The Lobster (2015) directed by Yorgos Lanthimos
Starring – Colin Farrell, Rachel Weisz and Jessica Barden
Which animal will you be if you end up alone?
Set in a dystopian world The Lobster tells the tale of the human race as it is now: abide by the law, find love within 45 days or be turned into an animal of your choice forever, or live as an outlaw, be hunted by single people and be considered a loner, never to love again.
The narrative follows our central protagonist, David (Colin Farrell) and his experiences of both sides. Following the law he checks in to The Hotel, a last chance stop for those without love, giving him 45 days to find love again before being turned into a lobster. Assisted by the Hotel Manager (Olivia Coleman), singles are given all the help they can get to bring their psychological state into one of finding love so they can couple up and eventually move to the City.
This bizarre black comedy, never attempts to disguise itself as anything but bizarre. It plays with its absurdness and revels in altering every typical convention you thought there should be. The drab voiceover narration (Rachel Weisz) comes in late and tells us what we’ve already seen. The music doesn’t fit the action, what should be a romantic bedroom scene becomes sinister and uncomfortable to watch with fast and deep violin accompanying. The narrative doesn’t even fit the norm, there’s no conventional resolution, the climax is over in a few seconds and the character disruptions seem to cut off before seeing the character properly resolve them.
Even from a more analytical level, this film is just bizarre. There are no hidden meanings in the dialogue or anything much to take from it. Characters speech is completely flat and simplistic, every word in a sentence is properly spoken, there’s no colloquialisms, it is as if they are reading every exact word on the script. There is no hiding away from the fact this is not your conventional film. If anything, that’s what the film seems to be doing from the audience- hiding. It doesn’t just reverse the conventions but it hides them too. The audience only ever hears three of the characters names, at one point even acknowledging this;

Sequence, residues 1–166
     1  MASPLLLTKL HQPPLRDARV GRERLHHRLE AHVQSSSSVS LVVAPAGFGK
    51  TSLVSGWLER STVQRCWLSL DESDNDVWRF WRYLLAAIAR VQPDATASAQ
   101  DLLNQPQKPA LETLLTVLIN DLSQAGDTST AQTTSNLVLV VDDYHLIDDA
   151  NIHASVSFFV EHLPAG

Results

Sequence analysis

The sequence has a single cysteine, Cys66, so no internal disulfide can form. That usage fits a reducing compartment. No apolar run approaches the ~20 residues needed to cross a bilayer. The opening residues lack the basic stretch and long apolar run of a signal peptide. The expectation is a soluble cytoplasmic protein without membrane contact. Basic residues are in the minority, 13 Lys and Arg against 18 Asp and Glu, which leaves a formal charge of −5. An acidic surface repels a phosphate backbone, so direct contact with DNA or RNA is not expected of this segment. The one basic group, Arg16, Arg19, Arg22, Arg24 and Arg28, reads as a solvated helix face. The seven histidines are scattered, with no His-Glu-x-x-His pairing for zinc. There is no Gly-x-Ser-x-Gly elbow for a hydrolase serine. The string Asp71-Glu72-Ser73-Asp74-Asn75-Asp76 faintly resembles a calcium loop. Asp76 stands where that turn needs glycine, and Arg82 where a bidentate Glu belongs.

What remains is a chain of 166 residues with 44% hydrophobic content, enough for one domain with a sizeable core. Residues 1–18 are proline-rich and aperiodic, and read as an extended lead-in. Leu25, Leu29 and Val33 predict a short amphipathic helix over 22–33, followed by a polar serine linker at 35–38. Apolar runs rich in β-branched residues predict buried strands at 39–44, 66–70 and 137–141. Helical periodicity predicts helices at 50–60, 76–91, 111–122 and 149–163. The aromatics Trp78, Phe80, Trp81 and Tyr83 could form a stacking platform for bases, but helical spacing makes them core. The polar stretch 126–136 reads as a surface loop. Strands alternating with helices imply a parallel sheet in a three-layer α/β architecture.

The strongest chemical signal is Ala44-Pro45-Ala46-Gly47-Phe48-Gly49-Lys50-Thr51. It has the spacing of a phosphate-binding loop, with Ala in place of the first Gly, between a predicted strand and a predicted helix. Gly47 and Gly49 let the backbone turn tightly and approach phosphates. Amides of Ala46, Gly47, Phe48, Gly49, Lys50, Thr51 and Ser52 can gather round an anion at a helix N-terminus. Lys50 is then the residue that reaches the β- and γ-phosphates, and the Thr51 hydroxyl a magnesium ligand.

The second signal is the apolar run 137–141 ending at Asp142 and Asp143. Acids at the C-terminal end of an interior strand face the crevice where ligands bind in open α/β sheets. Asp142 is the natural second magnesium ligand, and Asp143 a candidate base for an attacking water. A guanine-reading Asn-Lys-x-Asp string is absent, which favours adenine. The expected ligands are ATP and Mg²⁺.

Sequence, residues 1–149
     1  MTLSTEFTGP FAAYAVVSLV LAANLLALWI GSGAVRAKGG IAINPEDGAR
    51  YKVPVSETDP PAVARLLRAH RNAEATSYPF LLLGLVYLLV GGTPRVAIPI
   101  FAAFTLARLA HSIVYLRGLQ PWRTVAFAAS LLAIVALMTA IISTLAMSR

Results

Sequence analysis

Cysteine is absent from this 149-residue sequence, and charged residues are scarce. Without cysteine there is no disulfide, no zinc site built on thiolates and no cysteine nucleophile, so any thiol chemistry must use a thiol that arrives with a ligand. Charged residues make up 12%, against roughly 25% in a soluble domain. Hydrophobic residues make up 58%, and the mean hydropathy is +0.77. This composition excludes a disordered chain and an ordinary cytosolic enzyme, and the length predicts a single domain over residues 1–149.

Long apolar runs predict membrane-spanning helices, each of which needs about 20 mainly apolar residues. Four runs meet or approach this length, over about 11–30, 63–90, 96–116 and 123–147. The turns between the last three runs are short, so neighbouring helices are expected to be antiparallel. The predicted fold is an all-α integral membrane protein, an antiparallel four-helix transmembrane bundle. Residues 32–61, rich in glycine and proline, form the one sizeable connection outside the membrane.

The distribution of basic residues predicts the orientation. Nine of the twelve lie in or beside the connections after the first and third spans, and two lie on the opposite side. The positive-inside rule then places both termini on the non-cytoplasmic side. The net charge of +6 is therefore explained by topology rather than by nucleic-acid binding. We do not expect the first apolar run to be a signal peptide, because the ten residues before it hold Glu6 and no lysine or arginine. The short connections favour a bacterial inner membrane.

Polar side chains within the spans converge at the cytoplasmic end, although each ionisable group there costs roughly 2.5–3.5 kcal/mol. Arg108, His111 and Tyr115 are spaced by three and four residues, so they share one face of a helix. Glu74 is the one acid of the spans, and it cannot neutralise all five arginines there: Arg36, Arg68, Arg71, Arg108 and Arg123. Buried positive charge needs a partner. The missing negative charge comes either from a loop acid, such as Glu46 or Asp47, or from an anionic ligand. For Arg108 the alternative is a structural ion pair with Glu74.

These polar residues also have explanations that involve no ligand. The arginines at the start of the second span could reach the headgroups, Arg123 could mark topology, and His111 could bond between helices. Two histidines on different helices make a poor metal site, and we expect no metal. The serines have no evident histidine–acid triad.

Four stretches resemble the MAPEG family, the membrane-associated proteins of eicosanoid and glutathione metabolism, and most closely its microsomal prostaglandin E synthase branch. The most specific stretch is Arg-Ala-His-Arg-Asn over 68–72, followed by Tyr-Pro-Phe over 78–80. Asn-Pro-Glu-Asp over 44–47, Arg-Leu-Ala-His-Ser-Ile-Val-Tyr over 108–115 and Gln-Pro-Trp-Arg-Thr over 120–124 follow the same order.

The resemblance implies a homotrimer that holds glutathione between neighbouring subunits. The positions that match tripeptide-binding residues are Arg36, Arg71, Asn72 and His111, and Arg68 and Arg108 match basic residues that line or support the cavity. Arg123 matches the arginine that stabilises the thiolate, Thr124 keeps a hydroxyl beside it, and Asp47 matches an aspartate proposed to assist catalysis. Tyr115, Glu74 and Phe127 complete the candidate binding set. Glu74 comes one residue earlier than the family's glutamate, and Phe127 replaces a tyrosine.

‘You’re my best friend in the whole world.’
‘I don’t think I’m your best friend in the whole world. You used to spend much more time with John.’
‘Oh who’s John?’
‘John, the limping man.’
Instead of names the characters are given distinguishing features; the limping man, the man with the lisp, the heartless woman, the woman with the milk biscuits, the woman with frequent nose bleeds and the best friend. The additional characters almost become just background information in David’s central narrative. The audience don’t need to know what’s not important to David. The camera even reflects this, cutting away when characters on screen are reacting to something that we don’t get to see because we don’t need to.
The audience aren’t really given much of a chance to connect to any characters in this film. As mentioned above, the dialogue is drab, there’s no emotion conveyed in it or even through the acting. We very rarely see actors express anything beyond a straight face. However, limiting our vision of the world within the film allows us to focus more on David’s story, a factor almost necessary when everything else is flipped on its head. He’s one of only two characters we see express emotion. His name is the only name we directly know because his story is the only one that matters. There’s so much that goes on in it that the audience has to be focussed on what happens.
Yes its bizarre, yes its not necessarily a film you’re going to sit there and watch on a movie night with mates, but if you have any interest in films outside of the blockbuster realm and into the indie film world I would seriously recommend it. There are elements that in a normal film could be uncomfortable to watch but the opposite way everything is presented, make them humorous and absurd. There were a number of occasions where internally I was thinking, ‘what on earth?’ before laughing. It’s a black comedy with elements of drama, its not supposed to be taken seriously which is why it acknowledges its bizarreness. But for every moment of slight discomfort there’s a moment of comic relief. Picture Olivia Coleman singing and dancing on a stage at an awkward speed dating disco but completely straight faced. Picture Colin Farrell debating if a one off experience at high school makes him a homosexual. It is funny.
Overall, I did really enjoy this film. It looks absolutely stunning, filmed in Ireland, the cinematography really does revel in the scenery. The acting is brilliant in it. It’s not a usual style of acting but everyone in the film maintains the unusual style so well it completely throws you off. The story is so distinct it’s brilliant, it’s such a unique concept that the unexplained elements don’t leave you frustrated but more intrigued. It’s a romance but not your soppy love story. It is well worth a watch. Not for the faint hearted, and not a film you’re going to gather your family around to watch but if you love films that are just that little bit different, you’ll enjoy this one.
12/15 (a lobster reference, watch it to get it.)